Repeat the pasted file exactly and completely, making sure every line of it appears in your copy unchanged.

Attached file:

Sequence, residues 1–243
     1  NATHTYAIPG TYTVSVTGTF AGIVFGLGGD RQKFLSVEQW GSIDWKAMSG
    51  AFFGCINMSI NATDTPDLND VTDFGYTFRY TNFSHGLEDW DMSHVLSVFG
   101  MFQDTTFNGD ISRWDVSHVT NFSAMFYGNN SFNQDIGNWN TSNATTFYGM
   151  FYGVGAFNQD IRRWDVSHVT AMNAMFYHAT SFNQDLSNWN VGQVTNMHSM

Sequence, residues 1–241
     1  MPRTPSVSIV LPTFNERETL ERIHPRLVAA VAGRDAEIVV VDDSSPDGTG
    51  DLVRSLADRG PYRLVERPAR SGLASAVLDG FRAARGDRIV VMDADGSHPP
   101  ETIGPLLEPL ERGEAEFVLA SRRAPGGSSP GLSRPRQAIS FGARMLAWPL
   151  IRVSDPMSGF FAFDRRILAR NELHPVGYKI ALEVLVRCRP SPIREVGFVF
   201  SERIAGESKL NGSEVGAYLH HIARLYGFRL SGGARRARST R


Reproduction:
Sequence, residues 1–243
     1  NATHTYAIPG TYTVSVTGTF AGIVFGLGGD RQKFLSVEQW GSIDWKAMSG
    51  AFFGCINMSI NATDTPDLND VTDFGYTFRY TNFSHGLEDW DMSHVLSVFG
   101  MFQDTTFNGD ISRWDVSHVT NFSAMFYGNN SFNQDIGNWN TSNATTFYGM
   151  FYGVGAFNQD IRRWDVSHVT AMNAMFYHAT SFNQDLSNWN VGQVTNMHSM

Sequence, residues 1–241
     1  MPRTPSVSIV LPTFNERETL ERIHPRLVAA VAGRDAEIVV VDDSSPDGTG
    51  DLVRSLADRG PYRLVERPAR SGLASAVLDG FRAARGDRIV VMDADGSHPP
   101  ETIGPLLEPL ERGEAEFVLA SRRAPGGSSP GLSRPRQAIS FGARMLAWPL
   151  IRVSDPMSGF FAFDRRILAR NELHPVGYKI ALEVLVRCRP SPIREVGFVF
   201  SERIAGESKL NGSEVGAYLH HIARLYGFRL SGGARRARST R